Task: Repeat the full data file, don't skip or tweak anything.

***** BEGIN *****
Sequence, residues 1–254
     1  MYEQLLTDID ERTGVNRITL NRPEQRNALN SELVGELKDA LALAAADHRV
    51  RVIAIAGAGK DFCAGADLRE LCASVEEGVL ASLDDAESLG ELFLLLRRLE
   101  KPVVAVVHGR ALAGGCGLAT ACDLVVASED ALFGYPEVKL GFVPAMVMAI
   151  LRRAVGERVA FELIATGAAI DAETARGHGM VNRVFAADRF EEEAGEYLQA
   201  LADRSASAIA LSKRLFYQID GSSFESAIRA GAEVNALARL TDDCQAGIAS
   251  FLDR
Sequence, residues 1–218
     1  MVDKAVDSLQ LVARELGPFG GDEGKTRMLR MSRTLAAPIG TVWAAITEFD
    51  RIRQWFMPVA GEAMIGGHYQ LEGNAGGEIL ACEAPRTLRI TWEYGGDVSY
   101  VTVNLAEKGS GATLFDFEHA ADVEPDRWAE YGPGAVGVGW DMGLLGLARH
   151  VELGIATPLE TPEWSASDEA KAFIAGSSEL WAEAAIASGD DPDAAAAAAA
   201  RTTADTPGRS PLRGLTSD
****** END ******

Sequence, residues 1–254
     1  MYEQLLTDID ERTGVNRITL NRPEQRNALN SELVGELKDA LALAAADHRV
    51  RVIAIAGAGK DFCAGADLRE LCASVEEGVL ASLDDAESLG ELFLLLRRLE
   101  KPVVAVVHGR ALAGGCGLAT ACDLVVASED ALFGYPEVKL GFVPAMVMAI
   151  LRRAVGERVA FELIATGAAI DAETARGHGM VNRVFAADRF EEEAGEYLQA
   201  LADRSASAIA LSKRLFYQID GSSFESAIRA GAEVNALARL TDDCQAGIAS
   251  FLDR
Sequence, residues 1–218
     1  MVDKAVDSLQ LVARELGPFG GDEGKTRMLR MSRTLAAPIG TVWAAITEFD
    51  RIRQWFMPVA GEAMIGGHYQ LEGNAGGEIL ACEAPRTLRI TWEYGGDVSY
   101  VTVNLAEKGS GATLFDFEHA ADVEPDRWAE YGPGAVGVGW DMGLLGLARH
   151  VELGIATPLE TPEWSASDEA KAFIAGSSEL WAEAAIASGD DPDAAAAAAA
   201  RTTADTPGRS PLRGLTSD